Appalachia is the historical center of the coal mining industry in the United States, providing much of the fuel for the industrial revolution . Today it produces a far smaller fraction of the country’s coal but still has more active mines than any other region in the United States. Older mines tend to be traditional underground mines, which employ large numbers of miners and leave the surrounding area relatively intact. However, many of the newer mines are what are referred to as “mountaintop removal”, which literally disassembles a mountain to retrieve the coal inside. While far more efficient than a underground mines, their environmental impacts are much greater. Much of their efficiency results from the fact that they can mine coal with a fraction of the workers when compared with an underground mine.
ilovemountains.org has done a tremendous effort cataloging the effects that mountaintop removal has had on the Appalachian mountains, as well as the link between electricity usage and enviromental impacts.
May 28, 2014
A potential indicator of the future of coal can be seen in Salem, Massachusetts where a 720-megawatt coal and oil fired plant that has been open since 1951 will be shutting down permanently on June 1st. The plant will be demolished and replaced with a 674-megawatt gas plant with one-third the footprint. There are also plans for construction of operations for a future offshore wind farm.
This coal-fired plant is just one of hundreds set to close nationwide by 2020, according to the Department of Energy. As the gas boom continues throughout the United States and tight restrictions are imposed on carbon emissions, the future of coal appears to be facing some tough roads ahead.
May 13, 2014
Two coal miners working for Patriot Coal died Monday evening while working at Patriot’s Brody Mine No. 1 in Boone County, West Virginia. This brings to the total of five coal miners dying nationwide on the job so far this year.
Eric D. Legg, 48 and Gary P. Hensley, 46 were both “retreat mining” in that they remove coal pillars in the mine that hold up the roof. In this instance, the roof collapsed on top of both workers and neither coal miner survived.
Read article at http://www.wvgazette.com/article/20140513/GZ01/140519765/1419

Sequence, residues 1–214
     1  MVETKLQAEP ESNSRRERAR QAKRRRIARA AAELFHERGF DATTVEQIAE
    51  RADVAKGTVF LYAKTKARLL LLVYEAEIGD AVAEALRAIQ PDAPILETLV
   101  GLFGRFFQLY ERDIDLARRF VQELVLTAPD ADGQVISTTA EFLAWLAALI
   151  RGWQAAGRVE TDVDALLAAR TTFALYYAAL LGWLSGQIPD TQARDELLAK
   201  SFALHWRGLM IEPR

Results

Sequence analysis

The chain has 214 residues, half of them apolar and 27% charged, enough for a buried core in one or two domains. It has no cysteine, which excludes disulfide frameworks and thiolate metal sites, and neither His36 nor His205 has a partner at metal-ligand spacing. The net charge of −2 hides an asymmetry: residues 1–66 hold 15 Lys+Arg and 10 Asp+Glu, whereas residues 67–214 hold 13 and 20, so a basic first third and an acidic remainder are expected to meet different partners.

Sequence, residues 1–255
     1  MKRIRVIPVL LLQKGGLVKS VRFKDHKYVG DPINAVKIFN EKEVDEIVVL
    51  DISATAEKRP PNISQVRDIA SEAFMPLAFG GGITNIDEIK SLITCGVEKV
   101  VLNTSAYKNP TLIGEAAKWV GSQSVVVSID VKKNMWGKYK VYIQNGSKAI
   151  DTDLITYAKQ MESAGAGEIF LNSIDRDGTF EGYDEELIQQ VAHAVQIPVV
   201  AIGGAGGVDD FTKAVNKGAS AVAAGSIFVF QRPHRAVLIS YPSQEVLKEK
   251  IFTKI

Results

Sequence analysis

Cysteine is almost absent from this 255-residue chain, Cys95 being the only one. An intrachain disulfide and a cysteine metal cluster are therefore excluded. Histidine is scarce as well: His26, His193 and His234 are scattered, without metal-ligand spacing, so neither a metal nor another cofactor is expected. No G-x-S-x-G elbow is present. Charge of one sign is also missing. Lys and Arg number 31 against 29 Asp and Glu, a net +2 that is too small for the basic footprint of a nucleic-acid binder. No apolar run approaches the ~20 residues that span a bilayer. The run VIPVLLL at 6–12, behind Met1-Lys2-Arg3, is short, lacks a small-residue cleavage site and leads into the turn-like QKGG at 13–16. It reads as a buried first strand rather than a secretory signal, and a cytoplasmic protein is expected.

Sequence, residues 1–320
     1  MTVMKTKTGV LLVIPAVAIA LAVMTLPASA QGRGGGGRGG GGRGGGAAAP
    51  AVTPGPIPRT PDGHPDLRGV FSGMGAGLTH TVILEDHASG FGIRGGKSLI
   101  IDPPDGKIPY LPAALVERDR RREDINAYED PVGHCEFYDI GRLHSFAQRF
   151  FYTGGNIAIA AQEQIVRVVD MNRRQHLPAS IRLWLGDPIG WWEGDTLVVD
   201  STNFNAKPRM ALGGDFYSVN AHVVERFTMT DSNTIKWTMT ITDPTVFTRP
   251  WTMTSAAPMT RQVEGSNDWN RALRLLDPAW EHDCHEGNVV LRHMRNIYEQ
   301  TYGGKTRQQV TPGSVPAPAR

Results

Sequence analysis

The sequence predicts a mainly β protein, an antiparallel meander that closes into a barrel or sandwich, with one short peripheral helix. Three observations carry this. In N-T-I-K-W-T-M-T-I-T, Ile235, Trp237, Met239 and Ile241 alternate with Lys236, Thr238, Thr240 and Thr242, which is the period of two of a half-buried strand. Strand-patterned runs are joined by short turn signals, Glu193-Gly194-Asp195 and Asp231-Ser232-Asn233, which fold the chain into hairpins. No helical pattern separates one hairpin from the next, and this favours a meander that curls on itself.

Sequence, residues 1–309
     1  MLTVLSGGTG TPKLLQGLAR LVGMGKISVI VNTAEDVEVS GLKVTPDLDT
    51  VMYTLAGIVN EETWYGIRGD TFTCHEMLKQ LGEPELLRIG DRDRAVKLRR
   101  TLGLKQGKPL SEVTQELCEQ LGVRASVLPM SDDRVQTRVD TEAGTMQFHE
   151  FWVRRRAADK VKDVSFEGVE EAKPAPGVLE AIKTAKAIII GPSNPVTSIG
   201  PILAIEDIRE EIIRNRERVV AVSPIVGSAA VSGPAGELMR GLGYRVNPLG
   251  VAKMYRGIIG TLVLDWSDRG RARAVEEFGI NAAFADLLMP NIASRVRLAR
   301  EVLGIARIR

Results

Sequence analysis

May 5, 2014
Over 8,000 tons of coal derailed in Bowie, Maryland last Thursday morning. This is the third major Mid-Atlantic spill for the CSX railroad in under a week. The incident highlights the dangers of transporting fossil fuels over rail lines that can have devastating and hazardous consequences on humans and wildlife.
April 29, 2014
The Supreme Court today upheld the Environmental Protection Agency’s (EPA) authority to place regulations on pollution caused from coal-fired power plants that are emitted from 27 Midwestern and Appalachian states. This is a major victory in reducing power plant pollution and highlights a decade long battle by the EPA to find a way to limit smog pollution that has been plaguing the eastern seaboard.
This ruling will require coal power plants to reduce their smokestack pollution in an effort to clean up air quality for downwind states. The EPA stated that this ruling would prevent more than 30,000 premature deaths and hundreds of thousands of illness each year.
April 24, 2014
After the devastating February 2nd spill that released toxic sludge for over 70 miles on the Dan River, Duke Energy is under pressure to remove all coal ash that borders North Carolina’s rivers and lakes. Environmental groups are citing the need for Duke Energy to remove all of their coal ash to lined landfills in order to avoid the environmental degradation that occurred on the Dan River.
Duke Energy is alleging that this removal of coal ash would cost over $10 billion dollars and take decades to clean up. Furthermore, Duke Energy has stated that the majority of these costs for paying for coal ash clean up would come from its electricity customers.
April 10, 2014
National Geographic discusses the argument that clean coal is nothing more than a myth. The article discusses the idea of capturing the CO₂ and how long can these deposits actually store the carbon dioxide.